It’s college graduation season. Once you graduate, you are officially an adult. Adulting comes with a lot of responsibility, especially financial responsibility (such as debt management). Therefore it is worthwhile discussing some of the important money lessons for college graduates.
Money Lessons for College Graduates
The reality is, despite having earned a college degree, the majority of graduates have little to no knowledge of how to manage finances. Therefore, understanding the basics of personal financial literacy is key to survive.
These money lessons for college graduates are important not only because the real world awaits them, but because they are walking out of school wondering how to repay student loans.
Get Out of Debt Early On
Get out of debt as early as you can. Typically, student loan debt is considered good debt. However, it is important to begin paying it down as soon as you possibly can. While it may seem tempting to defer your loans or pay the absolute minimum, you will accumulate too much debt in the long run from mounting interest and other expenses that may arise.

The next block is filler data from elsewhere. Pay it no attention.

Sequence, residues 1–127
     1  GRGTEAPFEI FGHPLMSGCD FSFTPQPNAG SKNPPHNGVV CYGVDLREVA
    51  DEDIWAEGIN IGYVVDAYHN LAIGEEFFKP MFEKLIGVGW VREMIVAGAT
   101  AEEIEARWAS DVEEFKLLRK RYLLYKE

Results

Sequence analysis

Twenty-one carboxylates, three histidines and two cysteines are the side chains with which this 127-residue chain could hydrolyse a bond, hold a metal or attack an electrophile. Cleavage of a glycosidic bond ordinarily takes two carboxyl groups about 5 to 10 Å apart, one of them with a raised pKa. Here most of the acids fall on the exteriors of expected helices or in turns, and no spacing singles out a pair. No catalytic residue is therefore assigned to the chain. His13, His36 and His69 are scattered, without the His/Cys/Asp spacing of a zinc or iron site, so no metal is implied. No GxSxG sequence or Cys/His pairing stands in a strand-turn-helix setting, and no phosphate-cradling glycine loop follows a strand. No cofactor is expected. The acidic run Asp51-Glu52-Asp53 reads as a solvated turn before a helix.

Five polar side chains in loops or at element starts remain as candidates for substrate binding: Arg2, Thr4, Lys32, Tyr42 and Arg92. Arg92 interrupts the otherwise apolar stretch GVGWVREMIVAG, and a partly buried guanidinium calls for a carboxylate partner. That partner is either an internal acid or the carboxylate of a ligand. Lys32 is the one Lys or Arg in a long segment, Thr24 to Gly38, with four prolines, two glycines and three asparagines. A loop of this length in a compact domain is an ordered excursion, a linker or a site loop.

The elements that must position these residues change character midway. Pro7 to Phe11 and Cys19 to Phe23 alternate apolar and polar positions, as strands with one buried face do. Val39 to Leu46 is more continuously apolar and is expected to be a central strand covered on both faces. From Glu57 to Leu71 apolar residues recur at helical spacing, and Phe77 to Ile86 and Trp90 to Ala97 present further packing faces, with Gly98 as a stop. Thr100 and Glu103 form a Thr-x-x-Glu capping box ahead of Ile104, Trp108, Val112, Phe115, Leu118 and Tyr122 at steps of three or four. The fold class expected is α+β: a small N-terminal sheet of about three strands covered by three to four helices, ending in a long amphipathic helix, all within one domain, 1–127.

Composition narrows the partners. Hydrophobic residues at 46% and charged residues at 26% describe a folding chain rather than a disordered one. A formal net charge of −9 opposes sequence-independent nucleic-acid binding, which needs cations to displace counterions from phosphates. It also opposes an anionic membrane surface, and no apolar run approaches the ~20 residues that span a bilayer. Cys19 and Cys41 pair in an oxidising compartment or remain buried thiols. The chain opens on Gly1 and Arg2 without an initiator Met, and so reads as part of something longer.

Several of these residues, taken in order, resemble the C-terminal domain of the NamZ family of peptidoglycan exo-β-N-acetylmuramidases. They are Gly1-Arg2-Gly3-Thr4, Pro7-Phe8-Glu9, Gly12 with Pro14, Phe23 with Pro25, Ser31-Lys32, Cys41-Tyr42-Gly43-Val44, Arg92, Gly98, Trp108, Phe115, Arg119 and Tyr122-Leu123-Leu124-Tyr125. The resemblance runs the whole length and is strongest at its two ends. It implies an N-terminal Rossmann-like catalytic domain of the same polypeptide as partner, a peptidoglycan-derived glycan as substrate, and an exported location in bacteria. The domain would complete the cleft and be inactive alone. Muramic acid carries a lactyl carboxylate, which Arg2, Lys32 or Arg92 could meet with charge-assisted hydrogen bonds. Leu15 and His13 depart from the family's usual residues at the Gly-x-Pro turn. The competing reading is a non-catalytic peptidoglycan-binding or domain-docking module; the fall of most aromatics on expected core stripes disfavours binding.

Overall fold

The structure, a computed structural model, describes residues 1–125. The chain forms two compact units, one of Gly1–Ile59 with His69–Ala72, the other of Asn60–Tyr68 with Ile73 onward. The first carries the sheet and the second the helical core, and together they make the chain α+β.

Protect Your Credit Profile
Your credit score allows lenders to measure your ability to handle your money and repay your debts. This ability determines the interest rates you pay for your car, mortgage, credit cards and in some instances rent. You can build good credit simply by paying your credit card debt off on time and in full. By practicing this, you can save thousands in interest payments over the long run.
Set Aside Some Money for Retirement
Setting aside money for retirement is one of the more important money lessons for college graduates. This is simply because retirement usually is the last thing on a fresh graduate’s mind. Do not ignore an employee-sponsored 401(k). This lets you purchase stocks, bonds, and mutual funds with pre-tax dollars. This money can compound for decades without your having to pay a dime in taxes.
Create an Emergency Fund
For many grads just starting out, there is barely enough left in their paycheck at the end of the week to buy gas. So, setting aside money for an emergency fund may be unrealistic. However, saving even as little as $5 per week can pay itself back dividends should the unexpected occur – job loss, medical bill, or your car breaking down.
Once you begin making more money, start setting aside the recommended 10 to 15 percent of your paycheck until you reach three to six months of savings to cover major bills and living expenses. Once you reach this milestone, continue the same amount but apply it towards your retirement.
If you’re struggling to pay off debt, ACCC can help. Schedule a free credit counseling session with us today.